This year marks the 50th anniversary of the death of alumnus Robert Lawrence, who is best known as the first African American astronaut.
In 1956, Lawrence graduated from Bradley with a degree in chemistry. According to emeritus professor Kurt Field of the Mund-Lagowski Department of Chemistry and Biochemistry, Lawrence was well-liked on campus and was a hard-working individual during his time at Bradley.
“[Lawrence] became Cadet Commander of Bradley’s Air Force ROTC program, a position that revealed the respect he had from his superiors and his fellow cadets,” Field said. “He also worked in the cafeteria at Bradley to help supplement his educational expenses.”
After graduation, the Air Force stationed Lawrence in Germany. During his time there, Lawrence taught German pilots to fly U.S. planes by speaking to them in German, a language he had studied while attending Bradley.
He later returned to the U.S. to attend Ohio State University, where he received a Ph.D. in physical chemistry in 1965. Lawrence was selected to join the Air Force’s Manned Orbital Laboratory program and became the first African American astronaut.
Lawrence’s success in the field demonstrated his passion for education and service, according to Field.
“Robert Lawrence’s career reveals that he had a thirst for knowledge and a willingness to serve his country,” Field said. “He was a dedicated, focused and energetic young man. He chose a major that required a sound working knowledge of mathematics and physics as well as good reading and writing skills.”
In December 1967, Lawrence was killed at the age of 32 in a crash at Edwards Air Force Base, located in California. That same year, the Major Robert H. Lawrence, Jr. scholarship was established at Bradley in his honor.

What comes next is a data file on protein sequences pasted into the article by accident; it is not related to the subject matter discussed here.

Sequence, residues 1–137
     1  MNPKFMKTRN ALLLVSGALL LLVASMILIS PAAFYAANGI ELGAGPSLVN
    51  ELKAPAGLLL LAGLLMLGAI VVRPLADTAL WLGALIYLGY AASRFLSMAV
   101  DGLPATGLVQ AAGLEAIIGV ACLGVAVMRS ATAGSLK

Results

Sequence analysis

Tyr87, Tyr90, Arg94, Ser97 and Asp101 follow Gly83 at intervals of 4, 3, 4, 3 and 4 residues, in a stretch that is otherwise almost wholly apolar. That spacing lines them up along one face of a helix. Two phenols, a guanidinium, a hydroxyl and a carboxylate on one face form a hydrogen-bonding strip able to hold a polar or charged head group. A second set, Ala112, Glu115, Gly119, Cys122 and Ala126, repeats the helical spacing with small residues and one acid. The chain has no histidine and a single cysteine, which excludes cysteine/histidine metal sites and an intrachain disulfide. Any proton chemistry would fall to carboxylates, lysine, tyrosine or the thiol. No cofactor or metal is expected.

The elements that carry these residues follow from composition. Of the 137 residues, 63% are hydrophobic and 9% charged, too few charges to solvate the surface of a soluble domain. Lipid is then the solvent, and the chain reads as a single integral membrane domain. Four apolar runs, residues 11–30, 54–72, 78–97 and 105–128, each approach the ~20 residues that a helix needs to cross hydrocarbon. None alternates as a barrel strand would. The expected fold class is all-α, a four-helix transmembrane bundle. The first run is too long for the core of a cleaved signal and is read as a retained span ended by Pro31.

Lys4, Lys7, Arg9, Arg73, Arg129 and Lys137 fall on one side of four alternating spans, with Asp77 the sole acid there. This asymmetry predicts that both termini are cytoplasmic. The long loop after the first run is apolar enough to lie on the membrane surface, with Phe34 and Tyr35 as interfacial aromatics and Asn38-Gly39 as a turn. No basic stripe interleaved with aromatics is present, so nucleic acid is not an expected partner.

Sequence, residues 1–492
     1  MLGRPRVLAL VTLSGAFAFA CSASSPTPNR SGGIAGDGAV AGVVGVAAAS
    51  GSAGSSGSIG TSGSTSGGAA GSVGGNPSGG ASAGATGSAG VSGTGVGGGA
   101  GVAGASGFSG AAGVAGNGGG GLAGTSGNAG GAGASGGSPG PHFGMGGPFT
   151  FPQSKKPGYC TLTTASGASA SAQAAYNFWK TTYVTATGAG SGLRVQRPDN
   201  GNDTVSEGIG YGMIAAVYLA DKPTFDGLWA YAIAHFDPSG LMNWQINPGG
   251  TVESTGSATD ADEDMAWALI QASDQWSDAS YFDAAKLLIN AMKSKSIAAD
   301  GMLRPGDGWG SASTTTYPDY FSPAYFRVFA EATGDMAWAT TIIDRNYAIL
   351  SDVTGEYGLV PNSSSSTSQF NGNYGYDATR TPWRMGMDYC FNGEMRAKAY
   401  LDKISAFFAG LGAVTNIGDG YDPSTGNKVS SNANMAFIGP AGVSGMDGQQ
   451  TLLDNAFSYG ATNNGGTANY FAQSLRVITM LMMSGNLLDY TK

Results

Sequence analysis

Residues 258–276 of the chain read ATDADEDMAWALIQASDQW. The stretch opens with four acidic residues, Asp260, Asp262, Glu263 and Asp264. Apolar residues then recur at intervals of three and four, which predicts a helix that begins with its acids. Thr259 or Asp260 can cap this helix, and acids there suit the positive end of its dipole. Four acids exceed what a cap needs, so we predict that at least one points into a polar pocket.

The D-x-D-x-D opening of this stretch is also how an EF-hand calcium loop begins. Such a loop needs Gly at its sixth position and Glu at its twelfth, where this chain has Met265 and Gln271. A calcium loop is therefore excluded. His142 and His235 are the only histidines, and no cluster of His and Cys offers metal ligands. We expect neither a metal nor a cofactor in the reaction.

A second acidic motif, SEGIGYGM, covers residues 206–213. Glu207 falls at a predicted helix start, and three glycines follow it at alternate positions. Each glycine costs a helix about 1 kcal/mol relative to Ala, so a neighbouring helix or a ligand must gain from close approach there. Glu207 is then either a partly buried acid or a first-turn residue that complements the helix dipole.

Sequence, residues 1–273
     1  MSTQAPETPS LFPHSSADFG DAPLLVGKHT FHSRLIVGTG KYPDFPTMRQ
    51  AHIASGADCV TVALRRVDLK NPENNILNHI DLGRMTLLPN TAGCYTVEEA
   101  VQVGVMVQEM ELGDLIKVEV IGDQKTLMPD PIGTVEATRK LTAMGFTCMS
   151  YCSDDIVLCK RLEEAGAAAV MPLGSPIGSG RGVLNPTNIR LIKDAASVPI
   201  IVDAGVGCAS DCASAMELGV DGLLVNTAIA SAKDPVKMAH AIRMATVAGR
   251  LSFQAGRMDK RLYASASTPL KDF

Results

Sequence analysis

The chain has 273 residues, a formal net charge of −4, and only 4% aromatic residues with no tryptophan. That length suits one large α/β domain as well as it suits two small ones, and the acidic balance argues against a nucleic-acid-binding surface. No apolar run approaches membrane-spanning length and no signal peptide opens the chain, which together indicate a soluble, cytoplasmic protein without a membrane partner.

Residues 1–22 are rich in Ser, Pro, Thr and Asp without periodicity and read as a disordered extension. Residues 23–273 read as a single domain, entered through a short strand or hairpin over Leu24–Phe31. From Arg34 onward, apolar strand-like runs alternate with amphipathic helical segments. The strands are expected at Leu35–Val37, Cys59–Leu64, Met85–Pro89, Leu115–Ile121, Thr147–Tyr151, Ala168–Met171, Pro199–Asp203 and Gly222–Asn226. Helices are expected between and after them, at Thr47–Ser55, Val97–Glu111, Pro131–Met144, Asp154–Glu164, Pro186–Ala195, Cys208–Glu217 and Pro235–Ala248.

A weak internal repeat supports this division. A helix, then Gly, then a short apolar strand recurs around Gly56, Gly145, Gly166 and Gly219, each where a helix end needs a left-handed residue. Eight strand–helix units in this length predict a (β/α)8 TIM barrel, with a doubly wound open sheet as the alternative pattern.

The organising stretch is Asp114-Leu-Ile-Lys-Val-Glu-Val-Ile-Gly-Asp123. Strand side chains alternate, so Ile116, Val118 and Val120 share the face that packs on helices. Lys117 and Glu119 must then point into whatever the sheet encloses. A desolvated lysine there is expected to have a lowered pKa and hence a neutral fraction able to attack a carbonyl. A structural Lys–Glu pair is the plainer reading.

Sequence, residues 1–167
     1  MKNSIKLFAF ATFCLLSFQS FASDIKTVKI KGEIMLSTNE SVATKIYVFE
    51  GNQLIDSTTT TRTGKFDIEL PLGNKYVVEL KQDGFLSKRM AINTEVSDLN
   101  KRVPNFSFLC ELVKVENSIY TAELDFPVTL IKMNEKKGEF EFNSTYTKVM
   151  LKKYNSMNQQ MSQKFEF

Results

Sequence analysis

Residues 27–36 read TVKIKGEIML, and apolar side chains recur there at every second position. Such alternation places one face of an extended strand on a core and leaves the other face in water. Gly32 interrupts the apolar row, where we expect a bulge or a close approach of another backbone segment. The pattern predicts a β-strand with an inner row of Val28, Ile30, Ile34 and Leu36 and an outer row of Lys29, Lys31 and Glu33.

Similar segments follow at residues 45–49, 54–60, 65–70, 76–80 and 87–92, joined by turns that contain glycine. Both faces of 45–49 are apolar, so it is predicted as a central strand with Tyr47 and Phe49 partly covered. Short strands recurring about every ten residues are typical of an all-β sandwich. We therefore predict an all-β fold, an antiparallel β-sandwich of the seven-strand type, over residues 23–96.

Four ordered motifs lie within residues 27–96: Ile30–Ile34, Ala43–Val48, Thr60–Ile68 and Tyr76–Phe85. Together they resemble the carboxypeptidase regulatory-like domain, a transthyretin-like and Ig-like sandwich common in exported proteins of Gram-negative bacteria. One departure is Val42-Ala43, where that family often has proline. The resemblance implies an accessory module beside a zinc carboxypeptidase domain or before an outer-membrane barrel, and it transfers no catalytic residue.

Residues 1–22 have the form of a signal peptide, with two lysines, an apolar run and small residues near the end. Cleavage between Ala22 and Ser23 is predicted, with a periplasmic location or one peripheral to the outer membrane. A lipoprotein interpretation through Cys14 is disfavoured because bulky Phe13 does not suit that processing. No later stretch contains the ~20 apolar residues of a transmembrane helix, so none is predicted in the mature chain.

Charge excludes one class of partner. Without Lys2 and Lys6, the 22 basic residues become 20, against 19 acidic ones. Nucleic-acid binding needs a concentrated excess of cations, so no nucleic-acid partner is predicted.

Many other tributes have been established by Bradley to honor the memory of Lawrence. According to Field, everyone involved with the chemistry department knows Lawrence’s story as some of the academic areas are named for him.
“All in the department are familiar with Robert Lawrence’s accomplishments,” Field said. “Our students know who he is and his accomplishments because all of them take at least one class in Olin Hall room 164; this classroom bears his name, and his portrait is displayed on the north wall.”
In 1988, the Lawrence Visiting Lectureship was established at Bradley, which brings visiting scholars to the university who serve as role models to all students, especially minority groups.
Field said it is with great pride to be able to say Lawrence is a member of the Bradley community.
“Bradley has a substantial number of alumni, like Robert Lawrence, who have distinguished themselves nationally and internationally,” Field said. “We are proud of them, and their successes serve to remind us and our students that great things await once they have left the Hilltop. I’m sure that if Robert Lawrence were able to speak to our students today, he would stress the importance of time-management skills.”